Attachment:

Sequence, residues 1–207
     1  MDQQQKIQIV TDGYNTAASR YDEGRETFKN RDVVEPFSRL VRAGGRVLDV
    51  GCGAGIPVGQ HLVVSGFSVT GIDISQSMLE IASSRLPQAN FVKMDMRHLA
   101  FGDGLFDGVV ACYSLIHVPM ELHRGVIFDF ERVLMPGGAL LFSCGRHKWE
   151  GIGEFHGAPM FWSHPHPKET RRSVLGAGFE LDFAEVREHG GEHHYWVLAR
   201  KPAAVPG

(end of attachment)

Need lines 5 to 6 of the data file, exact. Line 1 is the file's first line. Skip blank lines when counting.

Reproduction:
   151  GIGEFHGAPM FWSHPHPKET RRSVLGAGFE LDFAEVREHG GEHHYWVLAR
   201  KPAAVPG